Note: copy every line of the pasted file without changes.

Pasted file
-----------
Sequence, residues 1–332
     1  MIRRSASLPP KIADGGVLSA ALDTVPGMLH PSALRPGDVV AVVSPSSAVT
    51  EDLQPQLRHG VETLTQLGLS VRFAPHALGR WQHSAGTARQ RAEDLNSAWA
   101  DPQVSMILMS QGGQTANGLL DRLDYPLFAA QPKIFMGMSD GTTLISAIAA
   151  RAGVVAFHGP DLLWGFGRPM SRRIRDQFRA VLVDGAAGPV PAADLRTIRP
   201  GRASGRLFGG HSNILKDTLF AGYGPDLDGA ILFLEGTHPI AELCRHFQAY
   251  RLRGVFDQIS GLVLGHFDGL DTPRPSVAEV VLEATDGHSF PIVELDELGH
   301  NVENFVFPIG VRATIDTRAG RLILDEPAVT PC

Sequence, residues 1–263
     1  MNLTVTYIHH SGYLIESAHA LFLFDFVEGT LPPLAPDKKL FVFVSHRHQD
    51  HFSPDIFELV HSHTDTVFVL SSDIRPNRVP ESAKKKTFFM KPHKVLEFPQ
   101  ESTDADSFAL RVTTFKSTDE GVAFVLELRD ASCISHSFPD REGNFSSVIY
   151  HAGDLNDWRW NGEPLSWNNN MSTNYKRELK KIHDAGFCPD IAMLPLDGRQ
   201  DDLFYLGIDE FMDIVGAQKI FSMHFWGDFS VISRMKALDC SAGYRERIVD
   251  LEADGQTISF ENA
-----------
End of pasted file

Sequence, residues 1–332
     1  MIRRSASLPP KIADGGVLSA ALDTVPGMLH PSALRPGDVV AVVSPSSAVT
    51  EDLQPQLRHG VETLTQLGLS VRFAPHALGR WQHSAGTARQ RAEDLNSAWA
   101  DPQVSMILMS QGGQTANGLL DRLDYPLFAA QPKIFMGMSD GTTLISAIAA
   151  RAGVVAFHGP DLLWGFGRPM SRRIRDQFRA VLVDGAAGPV PAADLRTIRP
   201  GRASGRLFGG HSNILKDTLF AGYGPDLDGA ILFLEGTHPI AELCRHFQAY
   251  RLRGVFDQIS GLVLGHFDGL DTPRPSVAEV VLEATDGHSF PIVELDELGH
   301  NVENFVFPIG VRATIDTRAG RLILDEPAVT PC

Sequence, residues 1–263
     1  MNLTVTYIHH SGYLIESAHA LFLFDFVEGT LPPLAPDKKL FVFVSHRHQD
    51  HFSPDIFELV HSHTDTVFVL SSDIRPNRVP ESAKKKTFFM KPHKVLEFPQ
   101  ESTDADSFAL RVTTFKSTDE GVAFVLELRD ASCISHSFPD REGNFSSVIY
   151  HAGDLNDWRW NGEPLSWNNN MSTNYKRELK KIHDAGFCPD IAMLPLDGRQ
   201  DDLFYLGIDE FMDIVGAQKI FSMHFWGDFS VISRMKALDC SAGYRERIVD
   251  LEADGQTISF ENA